Zen and the Art of Working with Internal Teams

Zen and the Art of Working with Internal Teams

I’ve had the pleasure of working with many internal development teams in my career in software development. For our company, working in partnership with internal development teams is, in fact, a common project type. Clients call on our particular services for any number of reasons but the most common are to a) increase development traction or b) supplement core internal skills with outside development expertise.

We’ve worked with internal teams comprised of a single developer as well as internal development teams for vast, multinational tech companies with internal departments that dwarf our entire company. (more…)

Digital Disruption and the Menswear Renaissance

Digital Disruption and the Menswear Renaissance

Disruption has been the buzzword in tech for the last half a decade or so, and I thought it might be interesting to detail how disruption has personally changed my life as it simultaneously changed the fashion industry.

First, let’s define a few terms:

    1. Ready to wear (RTW) – These are clothes sold “off the rack” in standardized sizes. You can have these clothes altered to fit you more precisely, but all clothes in one size are made to the same standard from the same pattern. You can go to Dillards and be wearing the suit you purchase within a week (assuming you have it altered). The price range is generally somewhere between $300 and $1,500, excluding outliers.

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Music and AI (Artificial Intelligence)

Music and AI (Artificial Intelligence)

Prior to the release of The Jazz Singer in 1927, live musicians accompanied motion pictures in movie theaters. After the integration of synchronized sound, live musicians were no longer necessary. Protesting this technological advancement that took away their jobs, the Music Defense League spent $500,000 (quite a sum of money in the 1930s!) on an ad campaign featuring a maniacal robot. (more…)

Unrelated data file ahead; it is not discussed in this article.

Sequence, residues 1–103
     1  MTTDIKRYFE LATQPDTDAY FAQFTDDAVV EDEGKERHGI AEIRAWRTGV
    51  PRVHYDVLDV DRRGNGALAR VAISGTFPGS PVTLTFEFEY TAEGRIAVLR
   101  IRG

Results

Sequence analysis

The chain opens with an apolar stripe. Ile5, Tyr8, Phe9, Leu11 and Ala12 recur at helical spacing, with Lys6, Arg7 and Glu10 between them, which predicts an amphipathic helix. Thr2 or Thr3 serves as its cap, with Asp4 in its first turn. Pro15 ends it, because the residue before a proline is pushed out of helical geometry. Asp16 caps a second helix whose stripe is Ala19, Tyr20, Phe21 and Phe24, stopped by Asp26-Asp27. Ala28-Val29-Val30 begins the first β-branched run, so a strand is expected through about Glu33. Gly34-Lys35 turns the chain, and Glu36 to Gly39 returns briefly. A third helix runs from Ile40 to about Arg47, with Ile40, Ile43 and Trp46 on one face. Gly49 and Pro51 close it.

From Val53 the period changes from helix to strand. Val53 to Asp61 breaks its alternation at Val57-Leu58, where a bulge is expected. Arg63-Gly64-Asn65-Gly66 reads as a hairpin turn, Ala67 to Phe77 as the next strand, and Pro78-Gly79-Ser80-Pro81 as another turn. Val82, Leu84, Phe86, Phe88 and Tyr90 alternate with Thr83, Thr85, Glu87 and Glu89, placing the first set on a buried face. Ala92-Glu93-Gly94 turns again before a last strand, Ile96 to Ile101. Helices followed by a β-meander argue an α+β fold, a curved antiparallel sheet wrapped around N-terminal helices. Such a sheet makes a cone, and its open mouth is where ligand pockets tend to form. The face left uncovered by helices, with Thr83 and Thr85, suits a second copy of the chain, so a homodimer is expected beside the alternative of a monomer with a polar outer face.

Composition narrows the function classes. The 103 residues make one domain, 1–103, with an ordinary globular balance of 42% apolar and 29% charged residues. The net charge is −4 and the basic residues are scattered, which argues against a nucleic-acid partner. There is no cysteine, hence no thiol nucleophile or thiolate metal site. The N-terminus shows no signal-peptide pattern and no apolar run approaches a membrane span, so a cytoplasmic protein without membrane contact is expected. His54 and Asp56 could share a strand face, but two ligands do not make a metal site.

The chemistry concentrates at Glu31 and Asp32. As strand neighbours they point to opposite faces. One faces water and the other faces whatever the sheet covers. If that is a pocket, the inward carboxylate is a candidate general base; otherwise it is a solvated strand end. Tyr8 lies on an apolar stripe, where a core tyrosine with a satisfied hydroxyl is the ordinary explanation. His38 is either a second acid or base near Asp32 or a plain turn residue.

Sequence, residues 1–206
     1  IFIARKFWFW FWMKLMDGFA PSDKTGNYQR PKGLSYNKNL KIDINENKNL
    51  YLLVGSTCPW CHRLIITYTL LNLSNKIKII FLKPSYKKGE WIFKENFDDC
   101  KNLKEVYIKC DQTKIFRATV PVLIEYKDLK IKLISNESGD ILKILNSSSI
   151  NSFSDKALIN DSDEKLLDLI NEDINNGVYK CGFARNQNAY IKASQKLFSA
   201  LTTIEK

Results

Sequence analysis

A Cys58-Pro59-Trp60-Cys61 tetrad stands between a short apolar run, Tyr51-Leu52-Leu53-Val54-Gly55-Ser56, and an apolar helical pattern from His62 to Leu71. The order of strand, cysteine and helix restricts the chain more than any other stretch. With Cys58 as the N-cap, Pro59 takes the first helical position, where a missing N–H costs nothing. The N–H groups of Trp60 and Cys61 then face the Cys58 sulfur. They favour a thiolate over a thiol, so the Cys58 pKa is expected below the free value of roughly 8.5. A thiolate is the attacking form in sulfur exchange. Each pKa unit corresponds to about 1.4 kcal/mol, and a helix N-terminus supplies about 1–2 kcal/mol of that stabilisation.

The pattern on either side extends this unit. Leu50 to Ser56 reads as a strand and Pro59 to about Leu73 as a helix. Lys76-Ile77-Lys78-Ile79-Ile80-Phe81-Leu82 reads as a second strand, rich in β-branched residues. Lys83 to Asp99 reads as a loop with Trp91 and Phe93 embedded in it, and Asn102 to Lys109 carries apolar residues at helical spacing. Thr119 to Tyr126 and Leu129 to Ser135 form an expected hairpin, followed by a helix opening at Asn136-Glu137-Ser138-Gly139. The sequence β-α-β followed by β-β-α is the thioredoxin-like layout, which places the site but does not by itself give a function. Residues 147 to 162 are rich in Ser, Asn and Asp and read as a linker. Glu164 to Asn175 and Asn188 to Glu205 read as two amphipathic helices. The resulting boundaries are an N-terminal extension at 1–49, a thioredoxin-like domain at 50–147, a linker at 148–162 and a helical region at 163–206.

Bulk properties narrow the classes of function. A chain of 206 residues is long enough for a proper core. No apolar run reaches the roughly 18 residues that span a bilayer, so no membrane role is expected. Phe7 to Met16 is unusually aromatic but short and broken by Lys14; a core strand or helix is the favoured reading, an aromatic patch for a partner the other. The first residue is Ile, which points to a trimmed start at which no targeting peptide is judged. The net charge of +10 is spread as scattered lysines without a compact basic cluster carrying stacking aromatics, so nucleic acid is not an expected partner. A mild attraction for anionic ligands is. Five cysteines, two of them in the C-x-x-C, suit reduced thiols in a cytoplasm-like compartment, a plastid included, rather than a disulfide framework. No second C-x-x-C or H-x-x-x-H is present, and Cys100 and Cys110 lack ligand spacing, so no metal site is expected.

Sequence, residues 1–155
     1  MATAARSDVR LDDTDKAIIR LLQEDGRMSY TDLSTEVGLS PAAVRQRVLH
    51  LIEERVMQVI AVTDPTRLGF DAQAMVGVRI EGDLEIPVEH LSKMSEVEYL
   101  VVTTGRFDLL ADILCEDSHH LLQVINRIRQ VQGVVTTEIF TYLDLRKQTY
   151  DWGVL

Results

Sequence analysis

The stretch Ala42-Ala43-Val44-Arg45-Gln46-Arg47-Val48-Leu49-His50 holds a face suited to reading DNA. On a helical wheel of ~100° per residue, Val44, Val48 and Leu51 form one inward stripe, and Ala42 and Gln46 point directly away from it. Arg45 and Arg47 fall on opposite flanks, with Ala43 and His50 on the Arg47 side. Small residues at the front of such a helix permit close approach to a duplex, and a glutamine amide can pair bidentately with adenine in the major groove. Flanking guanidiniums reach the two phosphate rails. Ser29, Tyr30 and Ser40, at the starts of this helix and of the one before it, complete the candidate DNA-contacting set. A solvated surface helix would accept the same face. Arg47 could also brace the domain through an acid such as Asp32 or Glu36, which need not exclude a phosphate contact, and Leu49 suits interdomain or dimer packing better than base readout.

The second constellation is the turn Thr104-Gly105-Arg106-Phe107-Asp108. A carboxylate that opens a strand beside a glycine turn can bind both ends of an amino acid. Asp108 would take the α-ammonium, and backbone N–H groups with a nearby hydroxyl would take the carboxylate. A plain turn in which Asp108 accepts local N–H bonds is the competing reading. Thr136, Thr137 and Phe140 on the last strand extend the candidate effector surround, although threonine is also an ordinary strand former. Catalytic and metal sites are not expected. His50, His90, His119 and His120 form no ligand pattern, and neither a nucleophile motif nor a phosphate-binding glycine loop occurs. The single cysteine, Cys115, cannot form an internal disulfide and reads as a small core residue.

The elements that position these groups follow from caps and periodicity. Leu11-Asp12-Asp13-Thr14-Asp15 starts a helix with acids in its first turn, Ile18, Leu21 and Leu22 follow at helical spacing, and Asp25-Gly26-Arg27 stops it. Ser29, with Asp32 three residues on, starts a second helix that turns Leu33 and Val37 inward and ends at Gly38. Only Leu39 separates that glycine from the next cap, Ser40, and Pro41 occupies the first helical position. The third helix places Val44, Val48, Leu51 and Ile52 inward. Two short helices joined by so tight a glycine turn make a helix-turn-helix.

Maintaining Your Application — It’s Like Owning A Cat

Maintaining Your Application — It’s Like Owning A Cat

I may live to regret this analogy.

But let’s consider this a PSA for the purpose of maintaining your software application . . . perhaps co-sponsored by your local ASPCA or Animal Rescue.

I frequently find that clients think of their applications like a very heavy piece of furniture — one of those uber-plushy, leather recliners. You buy it, you stick it in the corner, and, there it sits, comfy and dependable, aging gracefully in place for years until a spouse puts a foot down and insists that it be updated for a newer model. The chair is dragged to the corner or sold at a yard sale or hauled to the transfer station. (more…)

iOS 11: The Culling

iOS 11: The Culling

Amid the OS updates rolled out last week, one of the iOS updates may have passed by the casual observer or novice application developer with little notice.

iOS 11 no longer supports 32-bit applications. Technically, there’s no reason to not support 32-bit applications. There’s no real magic in 64-bit applications. But since Apple has been pushing for 64-bit applications for about 3 years and any developer seasoned in iOS development has adopted this standard for any new applications and updated any maintained applications, this is effectively Apple’s way of culling from the glutted AppStore all the abandoned and crusty applications in one fell swoop. Once someone updates their iOS device to iOS 11, your application, if it’s not 64-bit, simply will cease to work. (more…)

Long in the Tooth: What to Do with Aging Software

Long in the Tooth: What to Do with Aging Software

It’s happening more and more lately.

    Me: . . . Okay, so I understand a little bit about your project goals and how they fit in with your business needs. . . Can you tell me, if you know, what technologies your current application was built with?

    Client: Um. . . I’ve heard some of the folks say “PHP”. . . does that make sense?

    Me: Sure does. Any idea what version of PHP and which framework it might be leveraging?

    Client: Oooh, I don’t know. . . I can get that for you though. . .

    Me: That’s okay. How about this: How old is the application and when is the last time you did an update?

    Client: Well, we developed it in 2007 and we had a person who worked on it for just a couple years after that but they aren’t here anymore. . .

Software development has moved through several “ages” as both technical innovation and the cultural evolution driven by those technical innovations has moved from the early adopters through the late adopters and permeated our expectations of what technology is. (more…)